What is torat imekha? What kind of a Torah does the mother pass on? I admit that I am not able to define precisely the masoretic role of a mother. Only by circumscription may I hope to explain it. Permit me to draw upon my own experiences. I used to have long conversations with my mother. In fact, they were monologues rather than a dialogue. She talked and I "happened" to overhear. What did she talk about? I must use a halakhic term in order to answer this question. She spoke of inyana de-yoma [the affairs of the day]. I used to watch her arranging the house in honor of a holiday. I used to see her recite prayers. I used to watch her recite the sidra [weekly Torah portion] every Friday night; I still remember the nostalgic tune. I learned much from her.


Most of all I learned that Judaism expresses itself not only in formal compliance with the law but also in living experience. She taught me that there is flavor, a scent, and a warmth to mitzvot. I learned from her the most important thing in life- to feel the presence of the Almighty and the gentle pressure of His hand resting upon my frail shoulders. Without her teachings, which quite often were transmitted to me in silence, I would have grown up a soulless being, dry and insensitive.


The laws of Shabbat, for instance, were passed on to me by my father; they are part of musar avikha. The Shabbat as a living entity, as a queen, was revealed to me by my mother; it is a part of torat imekha. The fathers knew much about the Shabbat; the mother lived the Shabbat, experienced her presence, and perceived her beauty and splendor.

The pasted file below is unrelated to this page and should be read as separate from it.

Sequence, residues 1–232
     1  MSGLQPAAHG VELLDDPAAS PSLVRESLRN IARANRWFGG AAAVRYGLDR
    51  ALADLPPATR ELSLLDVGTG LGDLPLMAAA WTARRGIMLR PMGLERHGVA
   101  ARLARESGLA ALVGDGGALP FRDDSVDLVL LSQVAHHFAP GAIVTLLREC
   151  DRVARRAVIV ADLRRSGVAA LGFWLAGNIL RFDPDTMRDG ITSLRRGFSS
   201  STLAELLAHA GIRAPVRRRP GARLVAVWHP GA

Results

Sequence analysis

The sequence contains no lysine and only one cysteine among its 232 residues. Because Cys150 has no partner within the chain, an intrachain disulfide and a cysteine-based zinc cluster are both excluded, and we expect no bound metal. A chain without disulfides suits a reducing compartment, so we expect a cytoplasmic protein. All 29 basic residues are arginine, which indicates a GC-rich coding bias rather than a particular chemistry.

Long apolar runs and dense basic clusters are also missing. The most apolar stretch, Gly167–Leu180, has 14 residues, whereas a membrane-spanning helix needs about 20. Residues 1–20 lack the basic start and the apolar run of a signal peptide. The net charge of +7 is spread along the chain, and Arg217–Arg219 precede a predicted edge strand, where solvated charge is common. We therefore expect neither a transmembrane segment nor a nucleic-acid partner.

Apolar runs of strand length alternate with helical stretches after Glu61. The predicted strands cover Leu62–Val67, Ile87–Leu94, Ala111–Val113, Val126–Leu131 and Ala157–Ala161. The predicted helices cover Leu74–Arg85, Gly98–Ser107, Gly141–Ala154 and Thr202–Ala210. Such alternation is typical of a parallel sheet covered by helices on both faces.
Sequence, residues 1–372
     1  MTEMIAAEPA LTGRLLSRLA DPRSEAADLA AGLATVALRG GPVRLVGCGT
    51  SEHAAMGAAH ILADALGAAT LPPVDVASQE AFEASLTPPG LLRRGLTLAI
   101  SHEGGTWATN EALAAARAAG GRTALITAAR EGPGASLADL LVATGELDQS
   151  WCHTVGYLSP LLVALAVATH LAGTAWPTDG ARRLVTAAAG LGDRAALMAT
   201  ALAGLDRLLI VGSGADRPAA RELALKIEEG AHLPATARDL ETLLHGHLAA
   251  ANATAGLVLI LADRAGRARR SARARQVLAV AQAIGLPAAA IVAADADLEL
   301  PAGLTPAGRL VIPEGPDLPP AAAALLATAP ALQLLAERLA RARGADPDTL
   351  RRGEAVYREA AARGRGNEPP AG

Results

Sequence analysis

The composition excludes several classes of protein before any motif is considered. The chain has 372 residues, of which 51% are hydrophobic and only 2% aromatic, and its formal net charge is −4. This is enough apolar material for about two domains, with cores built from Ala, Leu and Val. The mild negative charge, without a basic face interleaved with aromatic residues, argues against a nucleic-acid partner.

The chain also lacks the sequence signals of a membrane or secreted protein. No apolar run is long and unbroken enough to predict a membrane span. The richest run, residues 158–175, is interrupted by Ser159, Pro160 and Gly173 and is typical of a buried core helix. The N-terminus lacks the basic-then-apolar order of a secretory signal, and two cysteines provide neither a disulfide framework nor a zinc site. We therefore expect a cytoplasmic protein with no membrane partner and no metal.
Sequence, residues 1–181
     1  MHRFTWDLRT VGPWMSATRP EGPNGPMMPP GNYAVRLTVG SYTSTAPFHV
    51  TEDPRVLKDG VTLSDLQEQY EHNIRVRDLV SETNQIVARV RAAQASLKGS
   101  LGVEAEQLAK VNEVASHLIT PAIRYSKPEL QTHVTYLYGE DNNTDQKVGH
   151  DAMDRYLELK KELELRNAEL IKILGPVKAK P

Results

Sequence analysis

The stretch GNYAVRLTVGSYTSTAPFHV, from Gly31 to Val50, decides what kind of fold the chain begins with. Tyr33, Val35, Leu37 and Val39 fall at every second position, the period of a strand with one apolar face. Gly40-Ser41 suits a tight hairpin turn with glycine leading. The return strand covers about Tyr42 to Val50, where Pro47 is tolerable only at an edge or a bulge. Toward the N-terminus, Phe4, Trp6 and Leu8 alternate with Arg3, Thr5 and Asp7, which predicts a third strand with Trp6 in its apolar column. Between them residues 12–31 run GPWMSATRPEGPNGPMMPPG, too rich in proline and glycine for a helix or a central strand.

The fathers taught generations how to observe the Shabbat; the mothers taught generations how to greet the Shabbat and how to enjoy her twenty-four-hour presence.


Rabbi Soloveitchik never attended a Yeshiva. All of his formal Torah learning came from his father. And yet, it is his mother whom he credits with awakening and nourishing his soul. “Without her teachings, which quite often were transmitted to me in silence, I would have grown up a soulless being, dry and insensitive.”


This Sunday, on the 100th anniversary of Mother’s Day, let’s make Anna Jarvis proud. Instead of purchasing a mass produced greeting card, hand write a letter to your Mother and thank her for being "the person who has done more for you than anyone in the world." Let’s never take for granted the toras imecha, the unique roles of our mothers and the lessons we have learned from them.